In 2010, the African diaspora remitted $51.8 billion (Sh4.6 trillion) to the continent. This amount was more than the $43 billion (Sh3.8 trillion) that donors through the Overseas Development Assistance (ODA) gave to Africa.
Analysis of cash flows by Hong Kong-based Ghanaian academic Adams Bodomo arrived at a similar conclusion, showing that worldwide remittances from people from all developing countries totalled $350 billion (Sh31 trillion), which far exceeds ODA at $130 billion (Sh11.5 trillion).
The Central Bank of Kenya says most of the remittances come from North America, which accounts for 45.5 per cent of total inflows or $52.83 million (Sh4.7 billion) in June this year.
Inflows from Europe accounted for 27.7 per cent and amounted to $32.15 million (Sh2.8 billion), while inflows from the rest of the world amounted to $31.08 million (Sh2.8 billion), accounting for 26.8 per cent of total inflows.
There are two messages from this data. The first is that we need constructive engagement with the diaspora and, secondly, we must provide incentives to bring in more remittances for economic development.
A disproportionate amount of these remittances has gone into real estate and domestic consumption. Some of the investments from these resources is what I refer to as dead capital. These are largely investments in rural homes which bring no income.
If we can constructively engage our diaspora, we can move resources into value addition in the agricultural sector and other manufacturing activities.
In essence, we start to use the resources for productive purposes. A comparative analysis between Kenya and Ghana by the Business Daily’s columnist George Bodo on August 29 attributed Ghana’s fiscal indiscipline to nonexistent production, saying “...the country’s exports have significantly declined to the extent the ability to generate foreign exchange has been severely impaired.
And the problem is that the country’s policymakers have been slow to enact policies to attract and encourage domestic production and Ghana now is an import dependent economy.”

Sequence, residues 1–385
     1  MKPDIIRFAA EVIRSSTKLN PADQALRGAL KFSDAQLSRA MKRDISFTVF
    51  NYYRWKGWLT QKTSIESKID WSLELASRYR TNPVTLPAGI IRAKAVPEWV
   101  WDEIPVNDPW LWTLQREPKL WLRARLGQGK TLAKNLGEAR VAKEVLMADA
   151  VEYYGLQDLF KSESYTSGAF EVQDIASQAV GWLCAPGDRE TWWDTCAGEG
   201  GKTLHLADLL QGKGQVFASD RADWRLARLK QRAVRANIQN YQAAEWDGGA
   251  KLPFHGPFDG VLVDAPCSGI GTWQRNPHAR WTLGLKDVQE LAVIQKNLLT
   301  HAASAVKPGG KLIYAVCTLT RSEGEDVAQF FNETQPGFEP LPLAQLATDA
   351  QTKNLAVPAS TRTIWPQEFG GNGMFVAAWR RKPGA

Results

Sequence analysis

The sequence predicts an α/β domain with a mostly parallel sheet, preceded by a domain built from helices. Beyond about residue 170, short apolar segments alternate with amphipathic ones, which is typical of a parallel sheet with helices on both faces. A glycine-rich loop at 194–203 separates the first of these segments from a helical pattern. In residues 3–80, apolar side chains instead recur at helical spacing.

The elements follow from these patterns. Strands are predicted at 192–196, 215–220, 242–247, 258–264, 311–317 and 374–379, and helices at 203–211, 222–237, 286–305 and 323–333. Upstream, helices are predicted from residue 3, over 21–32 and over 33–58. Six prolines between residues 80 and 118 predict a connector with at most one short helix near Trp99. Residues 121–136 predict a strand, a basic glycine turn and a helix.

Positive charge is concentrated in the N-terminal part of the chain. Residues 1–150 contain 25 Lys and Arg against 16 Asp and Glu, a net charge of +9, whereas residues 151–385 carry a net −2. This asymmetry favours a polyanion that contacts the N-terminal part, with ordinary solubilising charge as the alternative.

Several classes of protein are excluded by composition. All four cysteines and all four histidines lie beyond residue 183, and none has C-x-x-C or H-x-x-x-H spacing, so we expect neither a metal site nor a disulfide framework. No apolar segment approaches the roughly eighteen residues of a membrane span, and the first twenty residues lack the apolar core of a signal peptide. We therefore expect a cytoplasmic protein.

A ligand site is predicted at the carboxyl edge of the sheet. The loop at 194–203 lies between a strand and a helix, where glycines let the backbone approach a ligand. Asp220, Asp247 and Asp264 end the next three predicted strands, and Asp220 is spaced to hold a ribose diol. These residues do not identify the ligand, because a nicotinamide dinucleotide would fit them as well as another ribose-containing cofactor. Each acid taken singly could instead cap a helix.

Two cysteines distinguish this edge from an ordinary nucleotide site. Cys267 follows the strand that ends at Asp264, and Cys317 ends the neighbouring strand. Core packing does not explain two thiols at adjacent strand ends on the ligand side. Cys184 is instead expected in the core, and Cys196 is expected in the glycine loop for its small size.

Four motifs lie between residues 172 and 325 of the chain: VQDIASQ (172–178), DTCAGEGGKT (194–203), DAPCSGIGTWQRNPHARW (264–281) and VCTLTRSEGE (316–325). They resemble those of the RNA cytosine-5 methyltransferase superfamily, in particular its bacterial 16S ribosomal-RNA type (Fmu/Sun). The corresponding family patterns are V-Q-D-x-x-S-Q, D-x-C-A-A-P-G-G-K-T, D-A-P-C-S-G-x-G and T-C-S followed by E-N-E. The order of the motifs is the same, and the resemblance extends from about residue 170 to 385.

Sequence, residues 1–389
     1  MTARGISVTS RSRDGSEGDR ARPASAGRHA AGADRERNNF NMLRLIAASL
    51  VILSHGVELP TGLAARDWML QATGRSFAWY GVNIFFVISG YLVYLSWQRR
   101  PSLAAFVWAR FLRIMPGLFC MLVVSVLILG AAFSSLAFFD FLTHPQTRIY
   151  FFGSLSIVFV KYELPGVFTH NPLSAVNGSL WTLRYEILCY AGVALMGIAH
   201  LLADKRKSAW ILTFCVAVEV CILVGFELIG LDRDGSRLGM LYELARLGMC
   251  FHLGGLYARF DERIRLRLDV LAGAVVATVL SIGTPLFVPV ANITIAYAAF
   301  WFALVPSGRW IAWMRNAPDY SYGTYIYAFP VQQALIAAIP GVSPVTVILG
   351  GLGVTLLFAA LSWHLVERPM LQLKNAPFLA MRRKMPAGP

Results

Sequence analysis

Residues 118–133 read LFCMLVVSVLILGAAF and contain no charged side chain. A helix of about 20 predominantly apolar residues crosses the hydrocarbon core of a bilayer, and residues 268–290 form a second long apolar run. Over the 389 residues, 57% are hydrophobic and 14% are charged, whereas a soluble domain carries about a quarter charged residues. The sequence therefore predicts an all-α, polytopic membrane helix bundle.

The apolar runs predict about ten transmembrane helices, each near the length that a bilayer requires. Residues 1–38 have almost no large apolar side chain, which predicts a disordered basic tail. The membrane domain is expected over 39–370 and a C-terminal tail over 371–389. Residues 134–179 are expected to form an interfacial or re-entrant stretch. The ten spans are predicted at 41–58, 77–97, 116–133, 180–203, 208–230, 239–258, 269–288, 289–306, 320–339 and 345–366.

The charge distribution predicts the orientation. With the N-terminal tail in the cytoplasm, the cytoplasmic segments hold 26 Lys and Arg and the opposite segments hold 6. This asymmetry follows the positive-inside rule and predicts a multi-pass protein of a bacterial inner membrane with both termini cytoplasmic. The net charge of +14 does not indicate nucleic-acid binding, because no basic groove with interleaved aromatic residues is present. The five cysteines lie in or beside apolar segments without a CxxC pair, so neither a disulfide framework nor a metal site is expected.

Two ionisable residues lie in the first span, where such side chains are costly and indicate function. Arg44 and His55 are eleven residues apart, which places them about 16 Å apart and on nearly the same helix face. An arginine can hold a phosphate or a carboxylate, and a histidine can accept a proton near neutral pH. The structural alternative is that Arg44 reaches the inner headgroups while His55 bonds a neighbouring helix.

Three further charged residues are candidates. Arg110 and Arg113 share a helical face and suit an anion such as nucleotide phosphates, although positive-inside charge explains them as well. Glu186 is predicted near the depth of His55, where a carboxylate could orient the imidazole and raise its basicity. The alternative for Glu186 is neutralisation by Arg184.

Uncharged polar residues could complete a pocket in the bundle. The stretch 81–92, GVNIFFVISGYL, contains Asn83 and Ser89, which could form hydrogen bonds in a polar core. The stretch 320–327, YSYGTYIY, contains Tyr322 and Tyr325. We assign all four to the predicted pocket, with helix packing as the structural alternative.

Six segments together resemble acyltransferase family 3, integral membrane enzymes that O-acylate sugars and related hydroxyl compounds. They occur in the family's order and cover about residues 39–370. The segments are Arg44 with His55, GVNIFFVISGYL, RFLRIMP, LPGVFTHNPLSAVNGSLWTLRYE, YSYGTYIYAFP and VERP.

To avoid this curse that afflicted Nigeria some time back, we need serious re-thinking on any resources especially with the diaspora. If these resources are ploughed into production for export, we would comfortably stabilise the shilling and lower inflation.
One way of effectively getting diaspora to invest at home with minimal risk is through the Growth Enterprise Market Segment (Gems) at the Nairobi Securities Exchange (NSE) that offers easier entry and exit.
Measures to grow the number of small and medium enterprises investing in this segment must be put in place as well as marketing Gems abroad to the diaspora.
Perhaps we need to open investment offices abroad or effectively convert our embassies into mini-markets. And this can be done electronically by linking the embassies to the NSE.
A stronger Capital Markets Authority will guarantee greater participation by the diaspora at the Exchange.
Ethiopia, for example, has a diaspora policy. The Foreign Affairs and National Security Policy and Strategy document estimates that the Ethiopian diaspora numbers no less than two million around the world and they could play an important role in carrying out research, investing at home, finding friends for Ethiopia and influencing their country of residence to cooperate with Ethiopia.
In addition, the policy document emphasises that the government should take the initiative to create a conducive environment possible for them to play a constructive role, protect their rights and resolve their domestic problems.
Research show that it is only the first generation diaspora that are useful to work with. Second and third generations are effectively citizens of their birth countries.
This is where the incentives can work magic. Ethiopia guarantees dual citizenship to persons of Ethiopian origin , also known as a “Yellow Card”.
The policy says, “this has proved a useful and convenient way of granting Ethiopians that hold foreign citizenship almost all the same rights and privileges as an Ethiopian citizen. It has greatly facilitated the participation of foreign citizens of Ethiopian origin in local activities.
In fact, returning migrants, Ethiopian by birth, although of changed nationality, are considered as domestic investors and have the privilege of being engaged in all areas reserved for domestic investors.”
The number of Kenyans in the diaspora is significant. We must constructively engage with them. As Mother Teresa said, “Love begins at home, and it is not how much we do... but how much love we put in that action.”
Dr Ndemo is a senior lecturer, University of Nairobi and a former permanent secretary, Ministry of Information and Communication.